30% Extremely Low$11,700 $13,400 $15,500 $16,700 $18,050 $19,400 $20,750 $22,050
50% Low Income $19,500 $22,250 $25,050 $27,800 $30,050 $32,250 $34,500 $36,700
80% Moderate $31,150 $35,600 $40,050 $44,500 $48,100 $51,650 $55,200 $58,750
Housing includes new construction, rehabilitation and delivery costs. Housing rehabilitation includes “handy-person”, paint, smoke detector and lock installation programs as well as water and sewer connections to housing.
Construction of Housing: Construction of new housing, including the acquisition of the land on which the housing will be construction.
Direct Home Ownership Assistance: Assistance provided to facilitate homeownership may be in the form of subsidizing interest rates and mortgage principal amounts, payment of closing costs and down payment assistance for low-and-moderate income homebuyers, acquiring guarantees for mortgage financing from private financing from private lenders and financing the acquisition by low-and-moderate income persons of housing they already occupy.
Rehabilitation; Single Unit Residential: Includes loans and grants for the rehabilitation of privately owned homes.
Rehabilitation; Multi-Unit Residential: Includes rehabilitation of buildings with two or more residential units.
Public Housing Modernization: Includes the rehabilitation of housing units owned/operated by a public housing authority (PHA) or an Indian housing authority (IHA)
Rehabilitation; Other Publicly Owned Residential Buildings: Includes housing that is owned by a public entity other than a PHA or IHA.
Energy Efficiency Improvements: Rehabilitation program for the sole purpose of promoting energy efficiency (e.g., a weatherization program).
Acquisition for Rehabilitation: When property is acquired in order that it may be rehabilitated for housing. This may be used to reflect the cost of only the acquisition if the rehabilitation costs will be paid from another source or it may also include both the costs of aquistion and rehabilitation if the cost of the rehabilitation is also paid with CDBG.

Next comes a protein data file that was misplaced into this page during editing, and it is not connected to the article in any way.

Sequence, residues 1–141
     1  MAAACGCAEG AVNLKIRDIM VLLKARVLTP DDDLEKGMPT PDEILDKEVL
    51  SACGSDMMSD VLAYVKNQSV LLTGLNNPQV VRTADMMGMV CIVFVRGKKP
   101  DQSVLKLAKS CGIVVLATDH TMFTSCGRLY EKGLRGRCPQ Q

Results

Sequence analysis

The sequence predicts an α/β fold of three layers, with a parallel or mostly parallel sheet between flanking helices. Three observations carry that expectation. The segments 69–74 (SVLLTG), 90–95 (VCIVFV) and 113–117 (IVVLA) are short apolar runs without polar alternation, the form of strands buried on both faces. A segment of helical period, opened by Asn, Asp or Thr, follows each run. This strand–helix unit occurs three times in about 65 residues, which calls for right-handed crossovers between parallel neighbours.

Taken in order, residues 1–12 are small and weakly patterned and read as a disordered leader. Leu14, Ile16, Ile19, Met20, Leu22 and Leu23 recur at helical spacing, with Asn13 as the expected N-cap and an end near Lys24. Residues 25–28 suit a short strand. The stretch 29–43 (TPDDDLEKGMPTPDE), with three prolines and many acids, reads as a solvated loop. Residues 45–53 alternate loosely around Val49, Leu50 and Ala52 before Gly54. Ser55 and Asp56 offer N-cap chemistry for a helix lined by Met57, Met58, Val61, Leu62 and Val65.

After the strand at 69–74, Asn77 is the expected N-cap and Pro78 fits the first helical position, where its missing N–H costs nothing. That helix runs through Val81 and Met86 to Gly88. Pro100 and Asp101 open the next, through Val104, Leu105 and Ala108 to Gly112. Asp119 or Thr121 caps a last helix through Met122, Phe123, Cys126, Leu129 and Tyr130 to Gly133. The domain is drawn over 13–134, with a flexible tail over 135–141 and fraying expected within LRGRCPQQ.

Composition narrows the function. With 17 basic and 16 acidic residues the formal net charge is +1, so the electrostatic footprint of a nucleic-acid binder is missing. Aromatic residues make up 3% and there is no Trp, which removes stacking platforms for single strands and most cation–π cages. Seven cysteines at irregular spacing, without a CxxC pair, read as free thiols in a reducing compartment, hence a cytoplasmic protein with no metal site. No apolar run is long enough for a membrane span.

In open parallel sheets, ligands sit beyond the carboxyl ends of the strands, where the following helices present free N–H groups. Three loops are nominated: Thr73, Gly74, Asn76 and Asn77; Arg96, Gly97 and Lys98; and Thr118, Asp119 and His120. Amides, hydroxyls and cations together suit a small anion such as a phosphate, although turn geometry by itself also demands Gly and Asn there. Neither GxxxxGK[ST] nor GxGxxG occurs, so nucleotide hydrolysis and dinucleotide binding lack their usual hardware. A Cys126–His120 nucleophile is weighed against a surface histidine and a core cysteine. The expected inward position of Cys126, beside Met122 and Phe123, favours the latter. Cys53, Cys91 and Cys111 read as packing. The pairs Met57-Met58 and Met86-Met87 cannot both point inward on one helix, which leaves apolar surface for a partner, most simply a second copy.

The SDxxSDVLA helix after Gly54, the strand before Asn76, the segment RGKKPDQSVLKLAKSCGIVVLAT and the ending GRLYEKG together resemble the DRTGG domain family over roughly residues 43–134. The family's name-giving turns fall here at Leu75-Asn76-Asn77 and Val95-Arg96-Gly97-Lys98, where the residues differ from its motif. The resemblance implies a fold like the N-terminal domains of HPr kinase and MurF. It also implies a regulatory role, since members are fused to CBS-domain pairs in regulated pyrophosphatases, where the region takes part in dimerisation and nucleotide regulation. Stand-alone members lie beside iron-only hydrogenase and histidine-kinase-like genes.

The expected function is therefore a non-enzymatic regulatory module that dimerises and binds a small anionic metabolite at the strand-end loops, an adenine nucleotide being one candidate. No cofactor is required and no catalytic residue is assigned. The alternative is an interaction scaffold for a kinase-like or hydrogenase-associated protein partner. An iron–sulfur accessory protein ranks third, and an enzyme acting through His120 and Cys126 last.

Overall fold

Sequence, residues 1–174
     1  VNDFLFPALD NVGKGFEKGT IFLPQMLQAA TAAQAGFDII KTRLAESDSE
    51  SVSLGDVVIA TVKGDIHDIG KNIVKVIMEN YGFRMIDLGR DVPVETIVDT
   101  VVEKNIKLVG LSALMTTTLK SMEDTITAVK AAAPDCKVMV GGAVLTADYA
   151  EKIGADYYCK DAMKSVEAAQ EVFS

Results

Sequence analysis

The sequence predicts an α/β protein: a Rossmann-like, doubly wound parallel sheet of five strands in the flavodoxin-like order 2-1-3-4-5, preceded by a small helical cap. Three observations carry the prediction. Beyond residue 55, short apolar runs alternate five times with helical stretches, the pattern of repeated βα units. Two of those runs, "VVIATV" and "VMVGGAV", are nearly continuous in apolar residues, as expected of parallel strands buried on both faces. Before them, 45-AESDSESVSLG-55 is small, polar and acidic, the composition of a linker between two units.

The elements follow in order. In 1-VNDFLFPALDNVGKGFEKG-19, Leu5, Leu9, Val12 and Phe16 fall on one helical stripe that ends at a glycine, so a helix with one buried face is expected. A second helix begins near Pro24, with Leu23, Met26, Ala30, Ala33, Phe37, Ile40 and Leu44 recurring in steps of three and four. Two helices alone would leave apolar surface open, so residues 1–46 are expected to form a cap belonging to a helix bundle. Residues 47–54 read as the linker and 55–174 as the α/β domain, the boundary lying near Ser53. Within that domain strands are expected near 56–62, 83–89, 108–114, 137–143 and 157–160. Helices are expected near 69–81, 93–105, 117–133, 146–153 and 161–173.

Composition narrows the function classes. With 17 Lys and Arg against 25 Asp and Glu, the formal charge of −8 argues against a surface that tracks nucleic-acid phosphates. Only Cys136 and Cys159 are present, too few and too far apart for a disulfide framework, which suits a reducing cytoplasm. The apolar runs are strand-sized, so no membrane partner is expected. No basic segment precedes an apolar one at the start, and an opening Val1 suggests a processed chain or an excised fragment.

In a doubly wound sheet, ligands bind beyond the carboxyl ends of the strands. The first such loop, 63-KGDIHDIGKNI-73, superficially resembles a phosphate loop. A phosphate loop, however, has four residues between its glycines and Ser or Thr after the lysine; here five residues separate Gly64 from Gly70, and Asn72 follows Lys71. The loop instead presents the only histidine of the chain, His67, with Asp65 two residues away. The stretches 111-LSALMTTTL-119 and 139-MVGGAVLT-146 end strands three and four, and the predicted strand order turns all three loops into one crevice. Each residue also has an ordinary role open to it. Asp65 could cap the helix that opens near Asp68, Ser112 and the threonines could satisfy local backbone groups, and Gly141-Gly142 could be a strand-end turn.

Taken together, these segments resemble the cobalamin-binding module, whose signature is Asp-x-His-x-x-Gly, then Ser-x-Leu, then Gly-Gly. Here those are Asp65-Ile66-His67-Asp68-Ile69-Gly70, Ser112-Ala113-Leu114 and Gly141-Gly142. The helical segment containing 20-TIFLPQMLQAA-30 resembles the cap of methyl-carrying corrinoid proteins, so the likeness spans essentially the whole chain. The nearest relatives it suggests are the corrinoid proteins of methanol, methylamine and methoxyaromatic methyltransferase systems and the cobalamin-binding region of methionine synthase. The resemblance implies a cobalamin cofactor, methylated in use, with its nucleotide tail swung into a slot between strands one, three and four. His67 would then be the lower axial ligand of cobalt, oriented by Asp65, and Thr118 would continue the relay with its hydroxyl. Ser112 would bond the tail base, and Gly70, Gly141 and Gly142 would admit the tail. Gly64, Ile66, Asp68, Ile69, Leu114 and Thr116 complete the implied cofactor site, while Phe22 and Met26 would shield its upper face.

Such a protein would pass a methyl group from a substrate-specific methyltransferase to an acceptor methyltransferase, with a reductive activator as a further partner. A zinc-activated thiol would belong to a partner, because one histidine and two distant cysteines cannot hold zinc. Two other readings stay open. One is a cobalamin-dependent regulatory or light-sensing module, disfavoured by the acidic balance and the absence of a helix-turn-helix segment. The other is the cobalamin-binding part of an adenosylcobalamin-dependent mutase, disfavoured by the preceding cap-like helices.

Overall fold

Lead-Based Paint/Lead Hazard Test/Abatement: When the primary goal of a housing rehabilitation activity is for lead-based paint and hazard evaluation and reduction.
Residential Historic Preservation: Rehabilitation of historic residential structures.
Economic activities designed to create or retain permanent jobs, at least 51 percent of which (computed on a full time equivalent basis) will be made available to or held by LMI persons may qualify under the Job Creation or Retention category of the LMI Benefit national objective.
The following requirements must be met for jobs to be considered created or retained.
If grantees fund activities that create jobs, there must be documentation indicating that at least 51 percent of the jobs will be held by, or made available to, LMI persons.
For funded activities which retain jobs, there must be sufficient information documenting that the jobs would have been lost without the CDBG assistance and that one or both of the following applies to at least 51 percent of the jobs:
The job is held by a LMI person; or
The job can reasonably be expected to turn over within the following two years and steps will be taken to ensure that the job will be filled by, or made available to, a LMI person.
Created or retained jobs are only considered to be available to LMI persons when:
(a) Special skills that can only be acquired with substantial training or work experience or education beyond high school are not a prerequisite to fill such jobs, or the business agrees to hire unqualified persons and provide training; and
(b) The grantee and the assisted business take actions to ensure that LMI persons receive first consideration for filling such jobs.
1. Area : Boundary Defined/Qualified